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Publication numberUS5489772 A
Publication typeGrant
Application numberUS 08/339,107
Publication dateFeb 6, 1996
Filing dateNov 14, 1994
Priority dateNov 14, 1994
Fee statusPaid
Also published asDE19537575A1, DE19537575C2
Publication number08339107, 339107, US 5489772 A, US 5489772A, US-A-5489772, US5489772 A, US5489772A
InventorsSteven L. Webb, Greg A. Degi
Original AssigneeHewlett-Packard Company
Export CitationBiBTeX, EndNote, RefMan
External Links: USPTO, USPTO Assignment, Espacenet
Variable optical sampling rate dependent on requested scan resolution
US 5489772 A
Abstract
A method of determining an exposure time for a photosensor based on a desired resolution along a scan direction and a desired resolution in a cross direction may comprise the steps of determining an initial exposure time based on the desired resolution in the cross direction; determining a minimum resolution in the scan direction based on the initial exposure time; comparing the minimum resolution in the scan direction to the desired resolution in the scan direction; and increasing the initial exposure time if the minimum resolution in the scan direction is greater than the desired resolution in the scan direction.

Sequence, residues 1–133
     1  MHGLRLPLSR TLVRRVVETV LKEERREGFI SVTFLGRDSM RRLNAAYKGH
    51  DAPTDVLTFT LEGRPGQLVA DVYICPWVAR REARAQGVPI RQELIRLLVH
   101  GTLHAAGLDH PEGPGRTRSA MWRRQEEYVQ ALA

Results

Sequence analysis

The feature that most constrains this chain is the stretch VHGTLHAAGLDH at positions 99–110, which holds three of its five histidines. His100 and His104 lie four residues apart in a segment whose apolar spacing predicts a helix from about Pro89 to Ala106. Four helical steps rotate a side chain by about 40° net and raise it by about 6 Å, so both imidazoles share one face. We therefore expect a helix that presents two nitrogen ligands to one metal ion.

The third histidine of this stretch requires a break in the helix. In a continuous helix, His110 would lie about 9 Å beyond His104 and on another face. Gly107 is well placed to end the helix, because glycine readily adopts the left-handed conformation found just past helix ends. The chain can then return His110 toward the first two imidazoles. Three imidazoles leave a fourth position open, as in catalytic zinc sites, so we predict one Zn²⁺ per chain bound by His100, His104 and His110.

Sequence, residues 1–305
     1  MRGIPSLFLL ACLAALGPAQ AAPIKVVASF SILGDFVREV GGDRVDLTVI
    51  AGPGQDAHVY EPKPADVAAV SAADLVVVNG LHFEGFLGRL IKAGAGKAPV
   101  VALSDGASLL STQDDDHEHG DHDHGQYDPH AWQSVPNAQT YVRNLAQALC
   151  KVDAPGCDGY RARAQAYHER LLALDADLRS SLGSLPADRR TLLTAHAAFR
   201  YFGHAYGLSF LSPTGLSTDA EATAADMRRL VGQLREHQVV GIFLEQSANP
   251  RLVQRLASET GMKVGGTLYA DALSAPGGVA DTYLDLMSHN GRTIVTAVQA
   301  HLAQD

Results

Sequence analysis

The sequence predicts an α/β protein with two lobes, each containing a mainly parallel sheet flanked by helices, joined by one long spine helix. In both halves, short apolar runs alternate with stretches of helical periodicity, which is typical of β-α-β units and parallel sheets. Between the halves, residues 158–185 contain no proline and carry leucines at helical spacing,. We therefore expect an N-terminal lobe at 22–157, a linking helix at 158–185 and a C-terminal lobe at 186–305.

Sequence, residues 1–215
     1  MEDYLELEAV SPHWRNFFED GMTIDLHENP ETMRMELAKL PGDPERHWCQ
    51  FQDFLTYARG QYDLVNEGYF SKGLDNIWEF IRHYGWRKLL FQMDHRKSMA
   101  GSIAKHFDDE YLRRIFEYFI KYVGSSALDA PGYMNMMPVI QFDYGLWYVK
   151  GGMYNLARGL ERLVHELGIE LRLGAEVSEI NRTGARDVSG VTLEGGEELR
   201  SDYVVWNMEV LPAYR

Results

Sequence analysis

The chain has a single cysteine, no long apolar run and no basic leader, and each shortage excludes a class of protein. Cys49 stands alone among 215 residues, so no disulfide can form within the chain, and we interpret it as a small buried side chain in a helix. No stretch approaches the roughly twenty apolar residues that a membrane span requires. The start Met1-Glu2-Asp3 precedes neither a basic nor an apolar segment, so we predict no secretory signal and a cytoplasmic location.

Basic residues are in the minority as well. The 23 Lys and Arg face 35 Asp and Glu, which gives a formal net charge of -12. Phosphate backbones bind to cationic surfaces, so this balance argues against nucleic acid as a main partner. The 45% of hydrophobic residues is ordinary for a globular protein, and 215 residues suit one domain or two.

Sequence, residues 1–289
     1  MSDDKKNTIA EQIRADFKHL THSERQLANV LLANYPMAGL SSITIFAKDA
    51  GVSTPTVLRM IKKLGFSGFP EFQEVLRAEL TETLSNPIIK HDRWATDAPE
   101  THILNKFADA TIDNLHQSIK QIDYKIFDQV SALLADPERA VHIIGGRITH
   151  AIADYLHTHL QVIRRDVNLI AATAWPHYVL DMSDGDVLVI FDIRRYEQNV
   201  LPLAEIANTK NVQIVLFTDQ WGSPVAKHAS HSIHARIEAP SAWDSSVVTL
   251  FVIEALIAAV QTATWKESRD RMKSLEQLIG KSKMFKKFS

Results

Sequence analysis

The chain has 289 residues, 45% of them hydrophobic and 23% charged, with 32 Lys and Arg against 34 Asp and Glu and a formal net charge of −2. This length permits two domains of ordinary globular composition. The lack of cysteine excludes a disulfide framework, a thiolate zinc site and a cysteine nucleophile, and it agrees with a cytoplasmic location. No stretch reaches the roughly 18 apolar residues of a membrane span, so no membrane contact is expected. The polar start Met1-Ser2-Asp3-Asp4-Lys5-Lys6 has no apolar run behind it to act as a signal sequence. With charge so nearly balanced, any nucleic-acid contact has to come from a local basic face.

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Claims(20)
What is claimed is:
1. A method of determining an exposure time for a photosensor based on a desired resolution along a scan direction and a desired resolution in a cross direction, comprising the steps of:
determining an initial exposure time based on the desired resolution in the cross direction;
determining a minimum resolution in the scan direction based on said initial exposure time;
comparing said minimum resolution in the scan direction to the desired resolution in the scan direction; and
increasing said initial exposure time to an increased exposure time and redetermining a minimum resolution in the scan direction based on said increased exposure time and recomparing said minimum resolution in the scan direction to the desired resolution in the scan direction until either: a) said minimum resolution in the scan direction is not greater than the desired resolution in the scan direction or b) said increased exposure time is equal to a predetermined maximum exposure time.